Trends and patterns of homelessness

The number of people experiencing homelessness in the U.S. has declined modestly over the past ten years, driven in large part by reductions in the number of homeless veterans and individuals with chronic patterns of homelessness. Modest declines were also seen in the percentages of all people experiencing homelessness as individuals and of people experiencing homelessness as part of a family with children, although the decline for families with children was limited to those found in unsheltered locations. The number of people using shelters over a year as part of a family has increased somewhat.

There is considerable variation at the state and local levels. The largest states—California, New York, Florida, and Texas—account for about half of the national estimate of people experiencing homelessness, but have very different rates of homelessness (the share of the state’s population found homeless by Point-in-Time counts). States also differ dramatically in the share of the population that is found in sheltered locations rather than in places not suitable for human habitation.

At the local level, homelessness is a largely urban phenomenon, with more than 70 percent of people using shelter in urban, rather than rural or suburban areas. The Continuums of Care that cover the 50 largest cities in the U.S. account for about half of the total population of people experiencing homelessness on a single night in January. However, as with states, rates of homelessness vary substantially across cities, even within a single state.

Systematic collection of data beginning in the early 2000s has greatly improved our ability to understand homelessness. For example, during the Great Recession there was an expectation that homelessness would increase substantially. It did, but the increases were almost entirely for families with children rather than for people experiencing homelessness as individuals. We can see substantial reductions in chronic homelessness in recent years, which appear to reflect the emphasis placed on permanent supportive housing since the early 2000s.

What are the implications for policymakers and practitioners?

What we know about trends in homelessness and the data that can be used to understand them has implications both for national policy and for policymakers and practitioners at the community level. For example, we can conclude that additional resource and their effective use make a difference. The number of people who experience homelessness is not so large as to be insurmountable.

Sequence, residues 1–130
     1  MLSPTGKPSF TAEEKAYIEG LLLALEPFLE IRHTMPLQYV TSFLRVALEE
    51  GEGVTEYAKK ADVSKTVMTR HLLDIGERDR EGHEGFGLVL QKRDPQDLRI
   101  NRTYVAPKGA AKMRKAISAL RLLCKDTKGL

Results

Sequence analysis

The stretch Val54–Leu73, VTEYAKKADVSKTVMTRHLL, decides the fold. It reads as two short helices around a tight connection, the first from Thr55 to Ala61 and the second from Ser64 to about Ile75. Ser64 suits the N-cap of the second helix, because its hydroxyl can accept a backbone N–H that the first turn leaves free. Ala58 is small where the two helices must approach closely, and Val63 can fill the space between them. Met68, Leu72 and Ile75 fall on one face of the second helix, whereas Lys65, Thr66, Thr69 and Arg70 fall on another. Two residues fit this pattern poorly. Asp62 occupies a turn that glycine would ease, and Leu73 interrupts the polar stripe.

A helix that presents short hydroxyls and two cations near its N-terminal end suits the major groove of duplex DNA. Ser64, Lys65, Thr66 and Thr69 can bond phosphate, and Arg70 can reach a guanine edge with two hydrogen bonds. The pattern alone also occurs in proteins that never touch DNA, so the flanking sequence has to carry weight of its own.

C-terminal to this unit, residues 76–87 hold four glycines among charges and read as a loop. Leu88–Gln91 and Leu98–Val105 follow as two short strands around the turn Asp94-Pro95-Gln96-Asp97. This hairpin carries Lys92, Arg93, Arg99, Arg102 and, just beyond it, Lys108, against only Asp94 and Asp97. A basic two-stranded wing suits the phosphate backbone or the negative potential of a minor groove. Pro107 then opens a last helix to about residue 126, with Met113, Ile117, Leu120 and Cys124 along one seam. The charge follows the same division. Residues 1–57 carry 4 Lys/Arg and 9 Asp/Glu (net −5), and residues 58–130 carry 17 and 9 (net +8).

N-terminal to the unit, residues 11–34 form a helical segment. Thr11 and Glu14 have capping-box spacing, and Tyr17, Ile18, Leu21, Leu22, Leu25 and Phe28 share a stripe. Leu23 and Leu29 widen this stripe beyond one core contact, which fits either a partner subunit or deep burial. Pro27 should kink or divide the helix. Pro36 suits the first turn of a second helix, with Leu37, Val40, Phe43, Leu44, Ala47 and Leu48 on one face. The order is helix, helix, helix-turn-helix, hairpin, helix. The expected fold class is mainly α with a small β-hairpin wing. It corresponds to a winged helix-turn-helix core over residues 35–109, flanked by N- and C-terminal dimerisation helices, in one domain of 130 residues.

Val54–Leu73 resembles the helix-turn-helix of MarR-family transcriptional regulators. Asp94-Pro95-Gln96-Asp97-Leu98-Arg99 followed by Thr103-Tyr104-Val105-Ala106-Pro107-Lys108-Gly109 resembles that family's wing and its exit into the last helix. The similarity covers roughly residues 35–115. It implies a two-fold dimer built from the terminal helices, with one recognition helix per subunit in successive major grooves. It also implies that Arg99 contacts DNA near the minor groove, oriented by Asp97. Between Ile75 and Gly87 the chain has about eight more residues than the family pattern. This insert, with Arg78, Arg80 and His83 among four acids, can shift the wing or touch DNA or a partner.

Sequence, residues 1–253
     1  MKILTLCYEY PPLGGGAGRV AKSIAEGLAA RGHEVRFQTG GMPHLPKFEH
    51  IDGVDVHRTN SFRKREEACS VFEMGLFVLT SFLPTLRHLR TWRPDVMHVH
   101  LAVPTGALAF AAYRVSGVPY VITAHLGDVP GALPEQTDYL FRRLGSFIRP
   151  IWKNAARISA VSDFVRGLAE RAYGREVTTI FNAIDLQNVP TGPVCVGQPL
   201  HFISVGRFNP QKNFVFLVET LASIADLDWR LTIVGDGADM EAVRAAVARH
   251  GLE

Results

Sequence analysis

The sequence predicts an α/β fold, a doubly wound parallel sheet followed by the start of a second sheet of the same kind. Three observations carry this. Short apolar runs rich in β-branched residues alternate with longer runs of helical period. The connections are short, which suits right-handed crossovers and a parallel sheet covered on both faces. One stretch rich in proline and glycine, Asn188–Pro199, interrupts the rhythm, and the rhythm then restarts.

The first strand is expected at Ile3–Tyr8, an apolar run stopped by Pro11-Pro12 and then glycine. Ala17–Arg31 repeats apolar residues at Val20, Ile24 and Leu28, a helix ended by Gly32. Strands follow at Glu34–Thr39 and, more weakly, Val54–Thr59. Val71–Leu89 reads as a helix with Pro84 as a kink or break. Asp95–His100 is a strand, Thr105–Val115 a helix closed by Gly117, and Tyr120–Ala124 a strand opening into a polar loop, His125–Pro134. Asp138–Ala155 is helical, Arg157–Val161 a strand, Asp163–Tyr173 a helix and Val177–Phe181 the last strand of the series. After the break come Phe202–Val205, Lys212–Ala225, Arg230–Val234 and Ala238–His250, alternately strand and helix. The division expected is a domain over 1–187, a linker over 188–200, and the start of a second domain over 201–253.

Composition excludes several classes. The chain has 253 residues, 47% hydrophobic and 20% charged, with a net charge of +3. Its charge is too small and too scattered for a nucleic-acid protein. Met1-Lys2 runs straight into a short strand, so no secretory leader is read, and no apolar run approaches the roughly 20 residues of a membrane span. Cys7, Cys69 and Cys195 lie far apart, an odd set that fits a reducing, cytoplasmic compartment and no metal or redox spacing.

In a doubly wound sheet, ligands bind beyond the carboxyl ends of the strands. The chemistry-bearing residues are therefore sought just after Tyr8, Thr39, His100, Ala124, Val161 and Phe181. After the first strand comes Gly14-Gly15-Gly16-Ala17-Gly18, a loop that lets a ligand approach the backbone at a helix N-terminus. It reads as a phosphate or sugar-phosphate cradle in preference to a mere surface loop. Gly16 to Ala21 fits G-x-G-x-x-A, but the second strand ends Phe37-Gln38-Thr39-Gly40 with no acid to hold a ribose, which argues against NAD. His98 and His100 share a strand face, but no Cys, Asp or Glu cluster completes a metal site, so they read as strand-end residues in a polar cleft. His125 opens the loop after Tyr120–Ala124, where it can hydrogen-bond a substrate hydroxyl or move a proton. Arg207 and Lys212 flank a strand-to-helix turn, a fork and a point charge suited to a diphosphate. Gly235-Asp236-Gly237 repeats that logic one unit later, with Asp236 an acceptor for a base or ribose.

• Adding substantial resources for ending homelessness for families with children and for individuals without chronic patterns of homelessness could reduce the numbers for these populations, as it has for chronic individuals and for veterans.
  • National and local policymakers should continue to focus resources on interventions that have been shown to be effective in addressing homelessness. Research has shown correlations between homelessness and housing vacancy rates, rent levels, and other housing market variables. Investment in mainstream rent assistance programs should be prioritized.
  • Trends indicate that investment in permanent housing solutions to homelessness may decrease homelessness. National and local policy-makers should continue to invest and encourage the adoption of these models.

With continuous improvements in the quality of PIT counts and the expansion of the percentage of providers covered by the HMIS in many communities, information is available to help communities better understand the local nature of homelessness. The information allows them to focus their resources on particular population groups and to design their homeless services systems and modify them as needed.

Communities should:

  • Make full use of the variety of local data sources, including Homeless Management Information System (HMIS) and Point-in-Time (PIT) data and also the program performance data required by HUD and data matches to health care and other systems.
  • Fully implement the HMIS, expanding it to cover all providers of shelter if it does not already, and work with service providers to address and resolve data quality issues—for example, by making sure program entry and exit dates are accurate, since this is important for understanding how the local homeless services system works.
  • Work on continuous improvements to the PIT counts, based on HUD guidance about best practices and by enlisting the help of social scientists and statisticians from universities and appropriate organizations as appropriate.
  • Consider special analyses of client-level HMIS data (available only at the community level) for system planning and performance measurement. HMIS data provide valuable information on where people were before they became homeless and can support analysis of how people move through programs in the homeless services system and patterns associated with their returns to homelessness. Virtually all communities now have fairly well-developed HMIS, but many do not maximize the value of the data collected.

Read the full research brief to see the underlying research evidence.

Last updated February 2018